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JAPAN (MNN) ―officialusnavytsunami Life goes in the shadow of a disaster.

Japan's earthquake, tsunami, and nuclear crisis have shaken confidence in the surety of day-to-day life. However, survivors still need to eat, drink, and stay warm as they begin to wrap their minds around the enormity of rebuilding.

Asian Access is walking alongside the people through their network of churches, the unsung heroes of the catastrophe. They sent a First response team a week after the disaster.

Another team followed on the heels of the First Responders. Jeffrey Sonnenberg was a member of the team that wanted not only to figure out a more efficient resource plan, but also to share the hope stories.

Thousands are still in evacuation shelters with no idea how long it will be before they can go "home" again. On a positive note, the infrastructure is showing signs of improvement. Water is flowing again, and food is making its way into the damaged areas.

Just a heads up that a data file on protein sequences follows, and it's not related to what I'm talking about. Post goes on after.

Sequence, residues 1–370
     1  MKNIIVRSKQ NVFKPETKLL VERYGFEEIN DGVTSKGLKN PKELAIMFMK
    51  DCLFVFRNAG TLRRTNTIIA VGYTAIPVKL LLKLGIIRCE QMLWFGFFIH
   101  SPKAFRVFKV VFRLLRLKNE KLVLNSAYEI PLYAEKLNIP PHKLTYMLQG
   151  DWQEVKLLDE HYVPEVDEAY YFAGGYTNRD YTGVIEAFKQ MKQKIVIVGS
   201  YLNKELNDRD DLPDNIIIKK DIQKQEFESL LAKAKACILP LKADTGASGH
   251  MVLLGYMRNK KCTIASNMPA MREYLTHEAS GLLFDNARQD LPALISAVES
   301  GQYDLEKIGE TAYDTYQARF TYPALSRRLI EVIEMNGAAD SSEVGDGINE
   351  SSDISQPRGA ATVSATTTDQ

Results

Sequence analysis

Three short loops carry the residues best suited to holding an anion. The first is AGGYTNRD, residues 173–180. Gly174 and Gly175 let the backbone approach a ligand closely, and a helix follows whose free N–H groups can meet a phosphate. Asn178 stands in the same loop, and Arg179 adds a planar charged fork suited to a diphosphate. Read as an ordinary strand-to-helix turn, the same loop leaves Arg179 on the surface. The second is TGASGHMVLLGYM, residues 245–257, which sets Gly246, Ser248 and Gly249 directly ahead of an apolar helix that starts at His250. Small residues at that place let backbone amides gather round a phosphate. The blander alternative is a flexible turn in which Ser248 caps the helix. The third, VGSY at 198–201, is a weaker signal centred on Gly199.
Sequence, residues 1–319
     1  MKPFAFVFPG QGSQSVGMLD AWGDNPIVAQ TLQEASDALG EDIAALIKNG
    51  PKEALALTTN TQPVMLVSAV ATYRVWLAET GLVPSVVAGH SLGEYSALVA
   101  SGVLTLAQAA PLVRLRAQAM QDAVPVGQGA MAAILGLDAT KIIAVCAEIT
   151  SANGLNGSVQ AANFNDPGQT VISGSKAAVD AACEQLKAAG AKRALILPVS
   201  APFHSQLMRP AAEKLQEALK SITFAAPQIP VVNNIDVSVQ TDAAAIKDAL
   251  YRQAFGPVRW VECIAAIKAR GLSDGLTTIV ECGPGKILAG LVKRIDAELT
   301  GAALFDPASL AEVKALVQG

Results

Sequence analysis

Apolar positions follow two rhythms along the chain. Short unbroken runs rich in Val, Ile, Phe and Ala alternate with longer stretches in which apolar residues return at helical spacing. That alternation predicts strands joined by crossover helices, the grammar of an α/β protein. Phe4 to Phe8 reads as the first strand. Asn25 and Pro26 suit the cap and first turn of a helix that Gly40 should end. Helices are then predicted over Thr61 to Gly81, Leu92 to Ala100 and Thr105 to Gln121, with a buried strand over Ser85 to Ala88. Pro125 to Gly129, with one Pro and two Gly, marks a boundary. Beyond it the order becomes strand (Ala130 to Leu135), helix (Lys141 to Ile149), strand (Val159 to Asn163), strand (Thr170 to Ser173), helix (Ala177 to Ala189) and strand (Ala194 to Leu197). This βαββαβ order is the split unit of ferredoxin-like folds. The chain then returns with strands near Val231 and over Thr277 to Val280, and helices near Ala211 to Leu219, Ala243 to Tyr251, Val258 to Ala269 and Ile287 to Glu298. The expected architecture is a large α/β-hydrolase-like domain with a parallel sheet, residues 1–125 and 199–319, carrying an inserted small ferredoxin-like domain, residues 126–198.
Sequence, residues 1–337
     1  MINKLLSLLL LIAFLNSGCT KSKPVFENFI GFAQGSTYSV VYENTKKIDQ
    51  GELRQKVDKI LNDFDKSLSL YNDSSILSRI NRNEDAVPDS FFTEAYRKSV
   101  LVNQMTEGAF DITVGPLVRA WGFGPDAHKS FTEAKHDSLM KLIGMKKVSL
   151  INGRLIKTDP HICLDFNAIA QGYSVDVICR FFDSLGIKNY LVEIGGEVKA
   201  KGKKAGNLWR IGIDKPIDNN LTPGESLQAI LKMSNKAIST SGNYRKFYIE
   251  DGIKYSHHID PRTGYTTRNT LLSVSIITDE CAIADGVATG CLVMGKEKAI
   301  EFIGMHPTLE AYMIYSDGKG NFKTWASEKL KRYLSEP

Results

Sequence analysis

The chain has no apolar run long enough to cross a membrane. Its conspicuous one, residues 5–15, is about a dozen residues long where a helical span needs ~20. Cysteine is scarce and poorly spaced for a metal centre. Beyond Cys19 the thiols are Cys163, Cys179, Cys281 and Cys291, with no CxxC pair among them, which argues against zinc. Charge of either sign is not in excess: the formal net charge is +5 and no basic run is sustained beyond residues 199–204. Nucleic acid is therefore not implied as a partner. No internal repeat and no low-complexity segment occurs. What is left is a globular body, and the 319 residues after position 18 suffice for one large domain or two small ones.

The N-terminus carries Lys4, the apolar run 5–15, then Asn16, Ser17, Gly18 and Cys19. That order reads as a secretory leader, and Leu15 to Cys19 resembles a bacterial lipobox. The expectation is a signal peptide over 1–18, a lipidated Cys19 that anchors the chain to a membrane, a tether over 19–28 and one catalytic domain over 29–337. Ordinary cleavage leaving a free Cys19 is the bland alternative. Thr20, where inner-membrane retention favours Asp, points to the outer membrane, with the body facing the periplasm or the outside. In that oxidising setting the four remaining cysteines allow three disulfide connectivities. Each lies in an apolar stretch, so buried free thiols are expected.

Moving out of the early days of the disaster, Sonnenberg says, "People are looking more for clothes and for containers to put clothes into as they're in the evacuation centers. So we're seeing it progress into a different stage."

Local churches are standing in the gap for those too far removed from the urban centers that are seeing the infrastructure repaired. "They were going in to assess and have been very involved in trying to bring relief aid goods to the evacuation centers, especially some of the more isolated communities."

It will take years to restore the damaged communities. However, "We've seen some great examples of churches going out into their communities, helping to deliver supplies to people who need them, helping people to clean out their homes, to get the muck and the junk out of their homes. Pray for the churches as they go out as the hands of Christ."